People tune in to events like the World Series and the US Open to see athletes at the top of their game, but these streams also represent the finest hour for a less-recognized group pushing the limits: the backend engineering, cloud/DevOps, and site reliability engineer (SRE) teams who prepare and maintain the infrastructure necessary for these video streams to function in the face of tremendous traffic. Ensuring that massive online events are successful and deliver great online experiences takes as much planning, effort, and quick thinking as winning a championship game.
It’s a shame that this work takes place behind the scenes because there’s a lot to learn from watching it happen. Spikes in demand require careful planning to mitigate risk and maintain optimal performance.
With the right mix of preparation, technology, and flexibility, any networking team can ensure resilience and provide every user with a stable, uninterrupted experience. In order to lay the groundwork for success, three essential best practices stand out:
1) Begin the planning process as soon as possible to ensure great online experiences
Networking teams can anticipate some spikes in traffic well in advance (such as for the Super Bowl), while other traffic surges come as a surprise (such as a jump in demand resulting from a small company’s TikTok advertisements going viral). However, in either case, it’s best to have a plan for handling high demand as far in advance as possible.
A good first step is to assemble the team that will handle the event. This should include a diverse group of staff members, including technical managers, SREs, and backend engineers. Everyone involved needs to have a precise sense of what their duties are and what is best left for a teammate. They should instantly know whom to ask for help if they encounter something they can’t handle themselves.
2) Prepare the infrastructure you need for resilience
Just as high-profile events can be targets for cyberattacks or increase the risk of infrastructure failures, companies of all sizes face these same risks every day. It’s essential to create a robust infrastructure that ensures redundancy and resilience to sustain continued operations in the event of an attack or outage.
Two of the most critical technologies for delivering high-quality experiences are content delivery networks (CDNs) and DNS networks. Different CDNs have distinct strengths and weaknesses, so building a multi-CDN network can ensure reliable access to many kinds of content from any location. A given CDN may excel at providing coverage in major metropolitan regions, while another may excel at catering to rural audiences. Additionally, one CDN may be better at hosting videos and streams, while another may be a better fit for static assets.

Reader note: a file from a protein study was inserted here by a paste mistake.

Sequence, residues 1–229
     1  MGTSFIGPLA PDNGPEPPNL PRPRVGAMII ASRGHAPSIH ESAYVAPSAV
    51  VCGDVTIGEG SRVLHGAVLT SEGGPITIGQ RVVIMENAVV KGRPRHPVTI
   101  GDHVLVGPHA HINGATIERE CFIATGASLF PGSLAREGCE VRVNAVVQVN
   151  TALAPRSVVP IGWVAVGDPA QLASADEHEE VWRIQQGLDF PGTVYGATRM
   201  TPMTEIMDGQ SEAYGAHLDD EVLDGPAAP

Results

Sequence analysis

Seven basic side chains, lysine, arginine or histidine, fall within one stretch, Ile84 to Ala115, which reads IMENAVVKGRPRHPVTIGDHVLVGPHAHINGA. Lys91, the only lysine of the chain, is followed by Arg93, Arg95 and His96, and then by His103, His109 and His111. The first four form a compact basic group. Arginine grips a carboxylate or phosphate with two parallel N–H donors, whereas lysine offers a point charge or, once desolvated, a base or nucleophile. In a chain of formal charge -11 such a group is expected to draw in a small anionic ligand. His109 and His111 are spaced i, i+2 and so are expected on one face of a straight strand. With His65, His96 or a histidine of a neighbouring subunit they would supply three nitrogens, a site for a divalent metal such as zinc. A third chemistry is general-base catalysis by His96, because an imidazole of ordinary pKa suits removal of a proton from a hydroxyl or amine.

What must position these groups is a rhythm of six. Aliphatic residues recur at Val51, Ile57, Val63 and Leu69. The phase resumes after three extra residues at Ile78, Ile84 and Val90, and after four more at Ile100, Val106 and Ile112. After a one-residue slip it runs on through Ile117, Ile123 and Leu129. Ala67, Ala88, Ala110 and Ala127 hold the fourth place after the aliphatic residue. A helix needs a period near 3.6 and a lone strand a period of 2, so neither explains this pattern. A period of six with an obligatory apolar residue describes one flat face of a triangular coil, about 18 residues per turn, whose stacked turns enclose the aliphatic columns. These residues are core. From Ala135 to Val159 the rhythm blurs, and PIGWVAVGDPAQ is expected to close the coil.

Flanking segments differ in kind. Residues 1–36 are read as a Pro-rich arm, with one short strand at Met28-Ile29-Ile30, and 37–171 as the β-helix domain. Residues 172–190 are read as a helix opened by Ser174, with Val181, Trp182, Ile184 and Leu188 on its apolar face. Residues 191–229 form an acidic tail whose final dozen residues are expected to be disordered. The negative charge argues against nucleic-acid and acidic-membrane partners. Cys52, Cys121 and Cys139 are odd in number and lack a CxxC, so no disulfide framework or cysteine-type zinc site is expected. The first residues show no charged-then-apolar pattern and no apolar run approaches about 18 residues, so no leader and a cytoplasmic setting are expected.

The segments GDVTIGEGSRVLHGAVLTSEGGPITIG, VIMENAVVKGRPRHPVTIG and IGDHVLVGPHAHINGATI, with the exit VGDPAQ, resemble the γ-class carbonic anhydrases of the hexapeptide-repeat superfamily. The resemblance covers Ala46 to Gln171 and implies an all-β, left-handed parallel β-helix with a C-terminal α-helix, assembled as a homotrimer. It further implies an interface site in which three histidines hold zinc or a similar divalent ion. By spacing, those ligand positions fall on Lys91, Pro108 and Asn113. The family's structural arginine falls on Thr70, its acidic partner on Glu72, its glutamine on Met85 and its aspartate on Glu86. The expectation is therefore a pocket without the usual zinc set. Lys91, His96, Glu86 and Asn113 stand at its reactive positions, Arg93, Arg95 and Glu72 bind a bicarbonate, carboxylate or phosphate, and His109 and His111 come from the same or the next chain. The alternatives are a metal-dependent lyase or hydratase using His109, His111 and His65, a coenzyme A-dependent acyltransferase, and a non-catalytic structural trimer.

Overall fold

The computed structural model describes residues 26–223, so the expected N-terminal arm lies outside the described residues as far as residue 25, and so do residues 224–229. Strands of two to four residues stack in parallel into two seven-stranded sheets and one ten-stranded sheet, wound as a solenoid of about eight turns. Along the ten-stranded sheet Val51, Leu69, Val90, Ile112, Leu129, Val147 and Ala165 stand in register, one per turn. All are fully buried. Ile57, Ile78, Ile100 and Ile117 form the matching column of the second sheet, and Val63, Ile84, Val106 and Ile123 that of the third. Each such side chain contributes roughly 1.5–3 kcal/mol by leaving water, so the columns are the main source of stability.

Given the critical role DNS plays in connectivity, having a contingency plan to implement in the event of a DNS outage is crucial for resilience. This requires two separate DNS networks that are fully autonomous, such that the complete failure of the primary DNS (for instance, in the event of a DDoS attack) allows the team to dynamically shift traffic to the secondary DNS instead of going offline entirely. It’s also helpful to implement anycast technology for diverting traffic around partial outages.
If you anticipate using infrastructure from multiple providers, you will need to map out resource usage well in advance. Establishing minimum usage commits should happen as soon as possible since they play a key role in determining how best to distribute traffic amongst your infrastructure.
3) Rely on deep analytics and open communication for day-of challenges
No matter what preparations a networking team makes, complications are inevitable across every industry and type of event — even the final day before a college's applications are due. A seldom-used peripheral domain might suddenly see traffic, which could possibly indicate a DDoS attack. Even so, unexpected challenges should not indicate a failure on any team's part but simply an unavoidable reality.
A critical component of handling disruptions is being able to derive deep analytics from your DNS, cloud, and on-premises server data in order to identify misconfigurations and potential attacks. The more you can derive from your data, and the faster you can do it, the more quickly you can resolve complications. Establishing open lines of communication also lays the groundwork for effective troubleshooting. By asking for frequent (perhaps hourly) updates and having ways to quickly escalate major issues to the people who need to resolve them, companies gain a record of everything that has taken place and can pinpoint problems quickly.
No matter how overwhelming running an event or application may seem, networking teams that implement these best practices can face tremendous spikes and fluctuations in traffic with confidence. A coordinated team knows exactly to whom to turn for any given issue, while resilient architecture and deep analytics make it possible to respond to any disruption quickly while preserving a great user experience.
Jodell Morency is a senior solutions engineer at NS1, an IBM Company.